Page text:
- 27 Oct 17
The American disco punks are taking to the great outdoors here next June
Following their stunning Olympia Theatre dates, James Murphy & Co. are playing a massive outdoor show on June 5 at Malahide Castle with tickets on sale on Friday November 3 priced €69.50.
The date had been widely rumoured with further talk - unconfirmed we stress - of Gorillaz and Liam Gallagher also doing their respective things by the seaside.
We'll keep you posted! In the meantime, here's Paul Nolan's review of their Dame Street spectacular last month:
LCD SOUNDSYSTEM (OLYMPIA THEATRE)
After a scorching warm-up DJ set from Dubliner Marcus Lambkin, aka DFA artist Shit Robot, the scene is perfectly set at a rammed Olympia for LCD Soundsystem. The first gig of a three-night stand that sold-out in minutes, the atmosphere is at fever pitch as the band take to the stage and Gavin Russom – resplendent in a fetching white dress, having this year come out as transgender – cues in the Kraftwerk-inspired synth riff of ‘Get Innocuous’.
We’ve barely started and already this show is more exciting than 99 percent of gigs. As Pat Mahoney crashes in with the song’s thumping drum rhythm, the whole audience rises to their feet, where they largely remain for the duration of this extraordinary two-hour show. The essential genius of LCD mastermind James Murphy has been to masterfully connect the dots between dance, rock, post-punk and new wave; musical coordinates his eight-piece group continue to navigate brilliantly.
The highlights are manifold: the berserk electro-pop of ‘I Can Change’; Russom and the godlike Nancy Whang’s heavenly harmonies during ‘You Wanted A Hit’; the scalding punk thrash of ‘Movement’. Murphy himself is the soul of affability between songs, apologising for the slight distance between the band and the front row (for technical reasons, he explains), and noting their delight at finally playing the Olympia, the aforementioned Lambkin having been nagging them to do so for the past decade.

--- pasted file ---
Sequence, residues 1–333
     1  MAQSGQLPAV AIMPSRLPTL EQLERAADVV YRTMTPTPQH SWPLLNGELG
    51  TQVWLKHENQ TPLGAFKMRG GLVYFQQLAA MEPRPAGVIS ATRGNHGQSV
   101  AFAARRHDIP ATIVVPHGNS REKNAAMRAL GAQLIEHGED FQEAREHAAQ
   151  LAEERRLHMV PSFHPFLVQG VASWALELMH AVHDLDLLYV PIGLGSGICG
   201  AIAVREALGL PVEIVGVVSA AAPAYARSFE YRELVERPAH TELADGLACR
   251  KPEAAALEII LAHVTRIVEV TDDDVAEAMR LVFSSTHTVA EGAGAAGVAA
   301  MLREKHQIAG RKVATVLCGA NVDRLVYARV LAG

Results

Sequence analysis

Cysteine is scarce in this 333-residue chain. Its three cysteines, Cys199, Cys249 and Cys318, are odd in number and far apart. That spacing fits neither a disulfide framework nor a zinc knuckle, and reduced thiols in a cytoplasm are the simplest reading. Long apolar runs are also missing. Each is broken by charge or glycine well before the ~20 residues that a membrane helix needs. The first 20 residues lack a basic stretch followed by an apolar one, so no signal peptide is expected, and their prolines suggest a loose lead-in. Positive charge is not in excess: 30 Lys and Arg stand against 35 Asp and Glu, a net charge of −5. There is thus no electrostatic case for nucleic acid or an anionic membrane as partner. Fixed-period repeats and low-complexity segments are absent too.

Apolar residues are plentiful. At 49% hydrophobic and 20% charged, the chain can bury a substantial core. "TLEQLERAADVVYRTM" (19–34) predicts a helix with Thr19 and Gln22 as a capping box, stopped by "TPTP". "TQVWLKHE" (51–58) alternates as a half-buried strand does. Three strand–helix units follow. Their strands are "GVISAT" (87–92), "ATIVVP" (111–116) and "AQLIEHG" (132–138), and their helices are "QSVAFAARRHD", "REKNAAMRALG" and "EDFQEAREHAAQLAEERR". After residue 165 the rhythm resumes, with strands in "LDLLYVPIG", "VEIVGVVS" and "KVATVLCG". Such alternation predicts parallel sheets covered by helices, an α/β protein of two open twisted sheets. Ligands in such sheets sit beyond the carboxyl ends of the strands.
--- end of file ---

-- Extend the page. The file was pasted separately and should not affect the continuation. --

The first part of the set reaches an incredible climax during the disco inferno of ‘Yeah’. As the track builds to a phenomenal crescendo, Murphy – who has been hammering away at a snare beside Mahoney – turns and hurls his drum sticks across stage. From there ’til the end of the song, the scene is one of complete chaos; guitarist Al Doyle layers blasts of no wave guitar noise over the pounding post-punk groove, while the synths go into meltdown in the background. Needless to say, the crowd has gone completely apeshit.
The tune eventually segues into an exquisite ‘Someone Great’, before an unexpected highlight in the shape of melancholy waltz ‘American Dream’, the title track from LCD’s US number one comeback album. One of the most magical live moments of the year, meanwhile, occurs at the end of ‘Home’; as the band depart, the crowd takes up the “oh-oh” refrain. The stage is then lit up in sparkling lights, while we get a brief, glorious blast of ‘Rawhide’ from the Blues Brothers soundtrack on the PA.
Returning for the encore, the band kick into ‘Losing My Edge’, which at this stage is like the Stones doing ‘Brown Sugar’. Tailor-made to bring the house down, its mix of filthy electro grooves and Murphy’s inspired lyrics – an hilarious pisstake of hipsterdom – is still impossibly exciting.
After a suitably climactic one-two of ‘Dance Yrself Clean’ and ‘All My Friends’, we depart to the strains of Cyndi Lauper’s ‘Time After Time’. Outside the venue afterwards, everyone is in a bit of a daze. Beside me, a bloke approaches his friend. “What a fucking gig,” he says, wide-eyed. “Mother of FUCK.”
My sentiments exactly.